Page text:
|ARPAIA, MARY LU - Kearney Agricultural Center|
|COLLIN, SUE - Kearney Agricultural Center|
|SIEVERT, JAMES - Kearney Agricultural Center|
|Obenland, David - Dave|
Submitted to: Postharvest Biology and Technology
Publication Type: Peer Reviewed Journal
Publication Acceptance Date: 2/13/2018
Publication Date: 3/20/2018
Citation: Arpaia, M., Collin, S., Sievert, J., Obenland, D.M. 2018. ‘Hass’ avocado quality as influenced by temperature and ethylene prior to and during final ripening. Postharvest Biology and Technology. 140:76-84. https://doi.org/10.1016/j.postharvbio.2018.02.015.
Interpretive Summary: Avocados are often held commercially for short periods at relatively high temperatures immediately after harvest but the effect on quality was not known. To address this question, avocados were harvested at five different times during the commercial season and held at 20, 25, 30 or 35 °C for 24 or 48 hours prior to storage and final ripening. Results showed that even a 24 hour exposure to 25 °C or above inhibited ripening and caused more decay to occur. Temperature during final ripening was also shown to be important as when 20 °C was exceeded discoloration of the flesh became evident, although flavor was found to be relatively insensitive to ripening temperature up to 25 °C. Results from this study provide guidelines to the avocado industry for temperatures immediately after harvest and during final ripening that will ensure optimum avocado quality.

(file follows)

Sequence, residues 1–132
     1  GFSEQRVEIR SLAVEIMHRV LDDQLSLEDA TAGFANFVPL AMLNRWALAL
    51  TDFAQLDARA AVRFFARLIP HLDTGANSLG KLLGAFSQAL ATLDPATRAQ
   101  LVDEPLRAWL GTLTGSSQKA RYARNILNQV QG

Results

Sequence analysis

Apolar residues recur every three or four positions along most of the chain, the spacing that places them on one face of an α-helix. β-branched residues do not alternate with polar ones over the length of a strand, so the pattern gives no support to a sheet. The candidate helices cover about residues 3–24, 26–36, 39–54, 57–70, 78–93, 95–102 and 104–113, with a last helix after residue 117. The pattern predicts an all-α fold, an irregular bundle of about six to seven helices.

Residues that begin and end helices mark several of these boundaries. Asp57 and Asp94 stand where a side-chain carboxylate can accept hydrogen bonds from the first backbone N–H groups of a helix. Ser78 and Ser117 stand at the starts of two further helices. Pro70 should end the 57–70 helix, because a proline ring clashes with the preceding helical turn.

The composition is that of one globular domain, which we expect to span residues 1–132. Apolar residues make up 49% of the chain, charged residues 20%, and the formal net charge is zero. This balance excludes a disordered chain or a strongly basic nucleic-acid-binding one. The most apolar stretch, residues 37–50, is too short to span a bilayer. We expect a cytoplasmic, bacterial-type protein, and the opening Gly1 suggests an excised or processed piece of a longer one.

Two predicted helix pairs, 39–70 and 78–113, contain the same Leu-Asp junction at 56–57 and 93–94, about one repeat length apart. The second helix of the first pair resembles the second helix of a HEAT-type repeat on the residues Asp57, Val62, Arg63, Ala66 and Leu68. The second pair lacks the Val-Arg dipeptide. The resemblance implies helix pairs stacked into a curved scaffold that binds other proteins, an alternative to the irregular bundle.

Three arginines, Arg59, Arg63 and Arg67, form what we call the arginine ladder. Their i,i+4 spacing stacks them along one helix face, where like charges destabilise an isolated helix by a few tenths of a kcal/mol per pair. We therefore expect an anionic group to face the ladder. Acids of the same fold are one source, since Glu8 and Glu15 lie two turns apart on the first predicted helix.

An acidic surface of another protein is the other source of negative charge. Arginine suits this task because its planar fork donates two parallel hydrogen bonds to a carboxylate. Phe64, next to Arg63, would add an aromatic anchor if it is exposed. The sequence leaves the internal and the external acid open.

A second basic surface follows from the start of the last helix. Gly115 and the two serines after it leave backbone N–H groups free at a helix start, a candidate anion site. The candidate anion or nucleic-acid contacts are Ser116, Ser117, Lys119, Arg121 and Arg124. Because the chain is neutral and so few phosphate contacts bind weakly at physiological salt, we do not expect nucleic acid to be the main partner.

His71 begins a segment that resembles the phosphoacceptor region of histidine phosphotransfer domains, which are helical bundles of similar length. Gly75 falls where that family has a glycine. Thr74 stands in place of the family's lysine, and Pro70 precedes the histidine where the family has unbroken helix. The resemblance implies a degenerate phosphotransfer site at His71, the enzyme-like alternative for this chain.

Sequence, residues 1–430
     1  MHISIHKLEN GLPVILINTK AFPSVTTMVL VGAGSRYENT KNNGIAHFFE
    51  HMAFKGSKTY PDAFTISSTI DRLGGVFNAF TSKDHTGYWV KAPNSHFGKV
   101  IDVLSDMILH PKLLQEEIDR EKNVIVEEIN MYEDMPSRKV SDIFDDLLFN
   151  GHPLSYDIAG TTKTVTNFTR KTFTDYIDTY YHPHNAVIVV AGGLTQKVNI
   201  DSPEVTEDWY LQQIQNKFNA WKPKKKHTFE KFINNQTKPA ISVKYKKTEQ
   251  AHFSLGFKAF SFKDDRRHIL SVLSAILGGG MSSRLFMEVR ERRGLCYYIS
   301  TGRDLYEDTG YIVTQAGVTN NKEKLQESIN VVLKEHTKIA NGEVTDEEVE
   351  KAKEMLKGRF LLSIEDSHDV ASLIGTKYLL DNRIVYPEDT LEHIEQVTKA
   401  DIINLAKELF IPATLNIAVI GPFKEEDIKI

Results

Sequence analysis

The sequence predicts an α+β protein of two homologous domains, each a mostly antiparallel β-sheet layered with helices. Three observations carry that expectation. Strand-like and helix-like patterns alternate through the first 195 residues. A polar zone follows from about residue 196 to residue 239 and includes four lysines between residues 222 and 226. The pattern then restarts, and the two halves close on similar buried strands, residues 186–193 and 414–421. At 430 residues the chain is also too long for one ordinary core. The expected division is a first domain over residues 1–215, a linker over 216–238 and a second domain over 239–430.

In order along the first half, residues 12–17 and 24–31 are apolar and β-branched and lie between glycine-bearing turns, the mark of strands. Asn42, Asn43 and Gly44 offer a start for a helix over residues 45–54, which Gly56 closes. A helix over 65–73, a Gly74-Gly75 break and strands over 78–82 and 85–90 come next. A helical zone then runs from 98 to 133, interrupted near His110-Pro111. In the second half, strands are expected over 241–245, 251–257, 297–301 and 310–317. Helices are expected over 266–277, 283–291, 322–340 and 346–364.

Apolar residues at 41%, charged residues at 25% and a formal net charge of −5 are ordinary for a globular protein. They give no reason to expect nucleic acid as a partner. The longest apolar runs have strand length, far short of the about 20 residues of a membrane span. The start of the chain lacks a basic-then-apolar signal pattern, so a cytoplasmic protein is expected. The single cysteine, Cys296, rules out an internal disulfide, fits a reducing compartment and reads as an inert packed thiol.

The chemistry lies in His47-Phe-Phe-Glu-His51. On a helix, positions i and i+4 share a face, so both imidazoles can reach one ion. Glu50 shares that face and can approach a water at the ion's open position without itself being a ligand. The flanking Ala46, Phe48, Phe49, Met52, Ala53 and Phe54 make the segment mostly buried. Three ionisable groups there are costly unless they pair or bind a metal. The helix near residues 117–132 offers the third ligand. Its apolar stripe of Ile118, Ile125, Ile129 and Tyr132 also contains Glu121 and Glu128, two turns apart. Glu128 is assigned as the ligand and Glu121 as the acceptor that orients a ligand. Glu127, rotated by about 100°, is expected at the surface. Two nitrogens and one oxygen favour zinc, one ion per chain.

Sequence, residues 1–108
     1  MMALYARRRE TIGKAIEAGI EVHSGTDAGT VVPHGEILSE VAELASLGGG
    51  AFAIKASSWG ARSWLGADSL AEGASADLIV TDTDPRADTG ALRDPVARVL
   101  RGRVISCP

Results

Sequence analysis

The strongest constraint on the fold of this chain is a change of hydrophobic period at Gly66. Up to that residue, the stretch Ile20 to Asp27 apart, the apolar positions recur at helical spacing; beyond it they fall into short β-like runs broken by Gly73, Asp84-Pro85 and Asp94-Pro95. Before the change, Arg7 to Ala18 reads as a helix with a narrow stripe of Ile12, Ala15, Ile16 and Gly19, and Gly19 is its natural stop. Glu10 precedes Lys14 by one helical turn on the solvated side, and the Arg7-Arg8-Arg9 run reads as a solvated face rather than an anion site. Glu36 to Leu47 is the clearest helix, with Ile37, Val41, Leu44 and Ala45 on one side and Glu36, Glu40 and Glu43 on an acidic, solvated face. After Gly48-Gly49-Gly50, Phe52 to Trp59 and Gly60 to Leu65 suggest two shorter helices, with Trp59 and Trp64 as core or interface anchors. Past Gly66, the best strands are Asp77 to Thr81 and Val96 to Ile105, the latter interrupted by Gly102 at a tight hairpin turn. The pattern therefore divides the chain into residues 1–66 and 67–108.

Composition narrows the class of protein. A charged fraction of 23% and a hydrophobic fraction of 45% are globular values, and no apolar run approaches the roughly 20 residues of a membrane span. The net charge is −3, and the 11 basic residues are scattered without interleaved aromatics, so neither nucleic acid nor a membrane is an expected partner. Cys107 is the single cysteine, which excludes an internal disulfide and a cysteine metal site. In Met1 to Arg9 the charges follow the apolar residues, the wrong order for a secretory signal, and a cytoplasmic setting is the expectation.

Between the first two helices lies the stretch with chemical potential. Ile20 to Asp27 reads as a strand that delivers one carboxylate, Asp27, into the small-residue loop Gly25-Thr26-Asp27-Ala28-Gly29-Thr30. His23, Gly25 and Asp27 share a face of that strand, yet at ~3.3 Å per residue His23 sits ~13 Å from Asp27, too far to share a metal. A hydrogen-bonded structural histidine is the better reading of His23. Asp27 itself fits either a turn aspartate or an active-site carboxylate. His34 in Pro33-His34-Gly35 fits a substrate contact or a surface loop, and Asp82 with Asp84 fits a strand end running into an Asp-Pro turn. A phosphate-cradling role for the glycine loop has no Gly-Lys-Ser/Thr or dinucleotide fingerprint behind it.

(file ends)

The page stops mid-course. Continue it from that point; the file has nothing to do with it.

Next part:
Technical Abstract: Avocados (Persea americana Mill.) are often held for short periods after harvest at relatively high temperatures both in the field and in storage during preconditioning and prior to ripening with unknown effects on subsequent quality. To address this question, avocados were harvested at five different times during the commercial season and held at 20, 25, 30 or 35 °C for 24 h or 48 h, with and without ethylene. During the subsequent season the experiment was repeated, but without the 30 and 35°C treatments. In both seasons, following short-term temperature treatment, fruit were either immediately ripened or stored for 14 d at 5 °C and then ripened to determine the influence of storage. After final ripening to eating firmness (4.4 - 6.7N) the fruit were evaluated for quality parameters. Results from the first two seasons showed that even a 24h exposure to 25 °C and above was sufficient to inhibit subsequent ripening and enhance the occurrence of postharvest disorders such as stem end rot and body rot. Application of ethylene during the short-term temperature exposure was ineffective in preventing the disorders. In the third season of the study the effect of prolonged exposure to temperature on final ripening was examined. Although there had been research done in the past on this subject, prior work had not examined the effect of different ripening temperatures on flavor. Avocados were harvested at seven harvest dates, stored for either 4 d or 11 d at 5 °C and then ripened to eating firmness at temperatures ranging from 15 to 25 °C. Increasing temperatures up to 20 °C decreased ripening time, beyond which there was no further change. Avocados ripened at temperatures above 20 °C had an increased incidence of the development of pink discoloration in the mesocarp. Ripening temperature had no effect on overall likeability, or ratings of grassy or rich flavor. This correlated with a lack of clear effect of ripening temperature on aroma volatile content of the fruit. Panelists found fruit ripened at temperatures of 20 °C and above to be slightly less creamy that those ripened at 15°C but this had no influence on likeability. This study strongly indicated the importance of maintaining the temperature of avocados at or near 20 °C both as soon after harvest as possible and during final ripening in order to optimize postharvest quality.